Evidence for deep-water production in the North Pacific Ocean during the early Cenozoic warm interval

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doi: 10.1038/nature02639
Author(s): Thomas, Deborah J.
Author Affiliation(s): Primary:
Texas A&M University, Department of Oceanography, College Station, TX, United States
Volume Title: Nature (London)
Source: Nature (London), 430(6995), p.65-68. Publisher: Macmillan Journals, London, United Kingdom. ISSN: 0028-0836 CODEN: NATUAS
Note: In English. 28 refs.; illus., incl. 1 table, sketch maps
Summary: The deep-ocean circulation is responsible for a significant component of global heat transport. In the present mode of circulation, deep waters form in the North Atlantic and Southern oceans where surface water becomes sufficiently cold and dense to sink. Polar temperatures during the warmest climatic interval of the Cenozoic era ( 65 to 40 million years (Myr) ago) were significantly warmer than today, and this may have been a consequence of enhanced oceanic heat transport. However, understanding the relationship between deep-ocean circulation and ancient climate is complicated by differences in oceanic gateways, which affect where deep waters form and how they circulate. Here I report records of neodymium isotopes from two cores in the Pacific Ocean that indicate a shift in deep-water production from the Southern Ocean to the North Pacific 65 Myr ago. (mod. journ. abstr.)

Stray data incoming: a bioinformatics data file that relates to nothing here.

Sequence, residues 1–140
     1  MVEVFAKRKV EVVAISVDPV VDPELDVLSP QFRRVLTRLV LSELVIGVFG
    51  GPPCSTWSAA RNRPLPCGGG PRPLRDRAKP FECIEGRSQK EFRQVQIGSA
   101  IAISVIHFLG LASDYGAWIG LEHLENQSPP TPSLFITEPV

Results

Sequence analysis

Year of Publication: 2004
Research Program: ODP Ocean Drilling Program
Key Words: 12 Stratigraphy, Historical Geology and Paleoecology; Cenozoic; Chordata; Climate change; Cores; Currents; Deep-water environment; Isotopes; Leg 198; Lower Cenozoic; Metals; Nd-144/Nd-143; Neodymium; North Pacific; Northwest Pacific; ODP Site 1209; ODP Site 1211; Ocean Drilling Program; Ocean currents; Pacific Ocean; Paleo-oceanography; Paleocirculation; Paleoclimatology; Paleocurrents; Paleoecology; Paleotemperature; Pisces; Productivity; Rare earths; Reconstruction; Shatsky Rise; Southern Ocean; Stable isotopes; Vertebrata; West Pacific
Coordinates: N323900 N324000 E1583100 E1583000
N320000 N320000 E1575100 E1575100
Record ID: 2004085802
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